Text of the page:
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In Brief: A Queen is Crowned




During construction of its Robbinsdale’s site, Travail Kitchen and Amusements is moving into a temporary home in January for a “Minneapolis Residency” at 1930 Hennepin Ave. in Minneapolis, which formerly housed Bradstreet Crafthouse, Rye Delicatessen & Bar, and the legendary Auriga. Once completed Travail will move back into a brand-new, two-story space in the early summer of 2019, and the old Travail space will be remodeled into the new Pig Ate My Pizza brew pub slated to open late spring. During the first six months of construction, Travail will host three different concepts, each lasting about two months. They will be using its tried-and-true concept: a pre-fixe tasting menu sold in advance through ticketed reservations, open Wednesday-Saturday, with a first-come, first-served format. The first concept will be Umami, a pre-fixe menu including Dim Sum cart service, shared family courses, amuse bites and sake bombs. 

  

Chef Karyn Tomlinson of Corner Table in Minneapolis was the first woman to win the coveted Grand Cochon title at its 10th anniversary event in Chicago. Tomlinson won the regional competition in March (you can read about that win in Foodservice News’ May cover story). The event is a heritage-breed hog competition. Tomlinson’s menu featured a Duroc pig raised by Hidden Stream Farms, and her dishes ranged from spare ribs to Swedish meatballs to an apple pie with a lard crust and liver ice cream. The co-owner of Corner Table, Thomas Boemer, won the national title in 2015. Dustin Nguyen of Martina won the Punch King bartending competition.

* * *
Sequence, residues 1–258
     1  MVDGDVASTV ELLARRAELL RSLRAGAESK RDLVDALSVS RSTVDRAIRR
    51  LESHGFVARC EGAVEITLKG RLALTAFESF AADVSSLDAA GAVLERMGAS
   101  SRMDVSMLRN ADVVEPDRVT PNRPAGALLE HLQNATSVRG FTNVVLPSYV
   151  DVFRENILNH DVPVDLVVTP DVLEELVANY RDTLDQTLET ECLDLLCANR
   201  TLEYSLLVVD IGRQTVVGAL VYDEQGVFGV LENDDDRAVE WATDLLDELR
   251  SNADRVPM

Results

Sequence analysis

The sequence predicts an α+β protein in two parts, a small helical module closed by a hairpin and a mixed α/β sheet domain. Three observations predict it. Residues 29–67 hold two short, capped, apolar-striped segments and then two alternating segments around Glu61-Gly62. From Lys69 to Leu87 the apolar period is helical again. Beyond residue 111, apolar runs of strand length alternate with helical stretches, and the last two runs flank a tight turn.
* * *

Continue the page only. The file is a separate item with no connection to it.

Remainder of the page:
Schwan’s Co., whose portfolio includes Red Baron Pizza and Mrs. Smith’s pies, is selling a majority stake in the business to South Korean food giant CJ CheilJedang in a deal worth $1.8 billion. The sale includes 80 percent of Schwan’s primary business—sales of prepared foods to grocery stores and restaurants. The Schwan family will retain a 20 percent stake, as well as control of its delivery business, Schwan’s Home Service. Once the deal closes, Schwan’s will be operated as a subsidiary of CJ Foods America Corp. and keep its offices in Bloomington and Marshall, as well as its senior management team, according to a news release.

 

The iconic Bryant Lake Bowl is striking out in a new direction, as longtime employee Erica Gilbert buys the bowling alley, restaurant, bar and 85-seat theater in the Lyn-Lake neighborhood from owner Kim Bartmann. The restaurant, one of 10 in The Bartmann Group portfolio, is also celebrating its 25th anniversary under Bartmann ownership. Among the local memories of date nights and Fringe Festival shows is that Mel Brooks and Anne Bancroft attended “Squeezebox” in the theater September 2003, under consideration for a run in New York City. Later, they produced and tested a one-woman show destined for Broadway. Michael Cera, a Canadian actor, producer, songwriter and musician, held a private interview and photo shoot in the theater once. And the edgy Cohen brothers were inspired after their wrap party for the movie, Fargo, at the Bryant Lake Bowl to go on to create The Big Lebowski, a cult film—staring Jeff Bridges as “The Dude”—about bowling and other things. The Black Keys regularly visit, as do many other local and national acts, inspiring the company policy of treating regulars like rock stars and rock stars like regulars.

 

Jack Link’s newest jerky flavors are about to get a little bit wilder. As part of the Jack’s Signature Batch line, the new flavors are craft cola, spiced mocha and umami boom, according to the Star-Tribune, and are being sold for a limited time from its retail shop on the skyway level of Target Center. This is just the first of many flavors to come from the test kitchens at Jack. 

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